Power comparisons and clinical meaning of outcome measures in assessing treatment effect in cancer cachexia: secondary analysis from a randomised pilot multimodal intervention trial
Peer reviewed, Journal article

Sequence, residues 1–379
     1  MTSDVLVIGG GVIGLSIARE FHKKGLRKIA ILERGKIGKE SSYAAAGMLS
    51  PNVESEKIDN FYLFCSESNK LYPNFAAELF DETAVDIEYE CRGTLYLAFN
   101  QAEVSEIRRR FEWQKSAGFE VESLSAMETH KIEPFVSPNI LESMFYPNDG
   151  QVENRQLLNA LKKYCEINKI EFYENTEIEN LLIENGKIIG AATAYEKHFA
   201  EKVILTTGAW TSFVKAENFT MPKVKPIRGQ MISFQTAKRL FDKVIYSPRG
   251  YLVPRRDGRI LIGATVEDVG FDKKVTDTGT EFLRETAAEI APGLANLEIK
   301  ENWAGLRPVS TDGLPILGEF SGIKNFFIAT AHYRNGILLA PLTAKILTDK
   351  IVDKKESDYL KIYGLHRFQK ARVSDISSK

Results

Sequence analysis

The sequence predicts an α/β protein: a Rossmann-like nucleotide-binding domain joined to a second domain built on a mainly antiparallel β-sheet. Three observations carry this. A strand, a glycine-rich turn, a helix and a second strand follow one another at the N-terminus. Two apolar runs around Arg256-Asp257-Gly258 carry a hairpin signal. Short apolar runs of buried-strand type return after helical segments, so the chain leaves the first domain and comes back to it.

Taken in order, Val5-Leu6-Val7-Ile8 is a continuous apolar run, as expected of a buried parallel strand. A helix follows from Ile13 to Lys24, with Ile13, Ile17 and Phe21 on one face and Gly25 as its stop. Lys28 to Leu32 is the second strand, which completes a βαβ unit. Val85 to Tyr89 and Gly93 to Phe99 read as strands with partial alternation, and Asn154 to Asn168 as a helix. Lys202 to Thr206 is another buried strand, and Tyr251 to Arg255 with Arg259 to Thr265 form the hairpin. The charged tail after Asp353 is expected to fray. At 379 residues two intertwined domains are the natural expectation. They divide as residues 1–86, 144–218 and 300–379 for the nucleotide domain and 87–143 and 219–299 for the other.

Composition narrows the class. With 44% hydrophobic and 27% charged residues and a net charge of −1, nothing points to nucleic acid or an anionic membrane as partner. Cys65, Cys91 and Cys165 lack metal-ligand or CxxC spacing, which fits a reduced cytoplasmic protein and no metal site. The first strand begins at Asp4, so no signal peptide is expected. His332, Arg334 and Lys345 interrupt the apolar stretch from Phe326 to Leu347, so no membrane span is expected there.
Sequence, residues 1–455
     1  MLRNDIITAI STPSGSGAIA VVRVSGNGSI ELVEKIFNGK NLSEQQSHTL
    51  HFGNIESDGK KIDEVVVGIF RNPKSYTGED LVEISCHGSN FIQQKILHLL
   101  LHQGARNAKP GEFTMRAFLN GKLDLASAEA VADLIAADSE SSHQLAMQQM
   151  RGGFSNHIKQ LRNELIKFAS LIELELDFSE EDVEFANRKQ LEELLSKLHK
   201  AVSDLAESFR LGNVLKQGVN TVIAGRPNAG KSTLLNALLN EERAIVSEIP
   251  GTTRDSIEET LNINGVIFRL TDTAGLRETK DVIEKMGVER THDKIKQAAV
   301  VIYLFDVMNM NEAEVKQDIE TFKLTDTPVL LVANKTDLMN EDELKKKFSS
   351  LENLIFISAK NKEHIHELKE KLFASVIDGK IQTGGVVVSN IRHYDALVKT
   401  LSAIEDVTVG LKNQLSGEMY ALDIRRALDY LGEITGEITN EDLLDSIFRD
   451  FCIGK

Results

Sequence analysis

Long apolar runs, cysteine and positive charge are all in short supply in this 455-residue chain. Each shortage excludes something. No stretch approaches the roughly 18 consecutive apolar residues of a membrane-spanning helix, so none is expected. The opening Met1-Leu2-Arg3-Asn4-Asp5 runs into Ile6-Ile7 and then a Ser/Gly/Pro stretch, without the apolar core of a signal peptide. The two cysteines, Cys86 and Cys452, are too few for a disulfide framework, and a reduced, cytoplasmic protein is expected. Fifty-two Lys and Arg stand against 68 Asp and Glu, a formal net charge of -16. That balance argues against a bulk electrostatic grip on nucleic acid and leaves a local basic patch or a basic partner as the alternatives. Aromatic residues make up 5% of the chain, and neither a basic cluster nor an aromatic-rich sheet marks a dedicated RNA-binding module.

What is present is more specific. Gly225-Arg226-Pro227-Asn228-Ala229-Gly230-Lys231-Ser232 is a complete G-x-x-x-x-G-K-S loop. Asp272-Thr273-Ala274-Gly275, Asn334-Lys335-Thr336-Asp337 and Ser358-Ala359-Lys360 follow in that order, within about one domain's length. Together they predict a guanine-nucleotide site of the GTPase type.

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Background: New clinical trials in cancer cachexia are essential and outcome measures with high responsiveness to detect meaningful changes are crucial. This secondary analysis from a multimodal intervention trial estimates sensitivity to change and between treatment effect sizes (ESs) of outcome measures associated with body composition, physical function, metabolism and trial intervention. Methods: The study was a multicenter, open label, randomised pilot study investigating the feasibility of a six-week multimodal intervention (exercise, non-steroidal anti-inflammatory drugs and oral nutritional supplements containing polyunsaturated fatty acids (n-3 PUFAs) versus standard cancer care in non-operable non-small cell lung cancer and advanced pancreatic cancer. Body composition measures from computerized tomography scans and circulating biomarkers were analyzed. Results: Forty-six patients were randomised, and the analysis included 22 and 18 patients in the treatment and control groups, respectively. The between group ESs were high for bodyweight (ES=1.2, p<0.001), small for body composition and physical function (HGS) measures (ES<0.25), moderate to high for n-3 PUFAs and 25-hydroxyvitamin D (ES range 0.64 to1.37, p<0.05 for all) and moderate for serum C-reactive protein (ES=0.53, p=0.12). Analysis within the multimodal treatment group, showed high sensitivity to change for adiponectin (ES=0.86, p=0.001), n-3 PUFAs (ES >0.8, p<0.05 for all) and moderate for 25-hydroxyvitamin D (ES=0.49, p=0.03). In the control group, a moderate sensitivity to change for bodyweight (ES=-0.84, p=0.002) and muscle mass (ES=-0.67, p=0.016), and a high sensitivity to change for plasma levels of 25-hydroxyvitamin D (ES=-0.88, p=0.002) were found. Conclusion: Demonstrating high sensitivity to change and between treatment ES compared to body composition measures, bodyweight still stands out as a clinical and relevant outcome measure in cancer cachexia. Body composition and physical function measures clearly are important to address but demand large sample sizes to detect treatment group differences. Trial registration: ClinicalTrials.gov identifier: NCT01419145.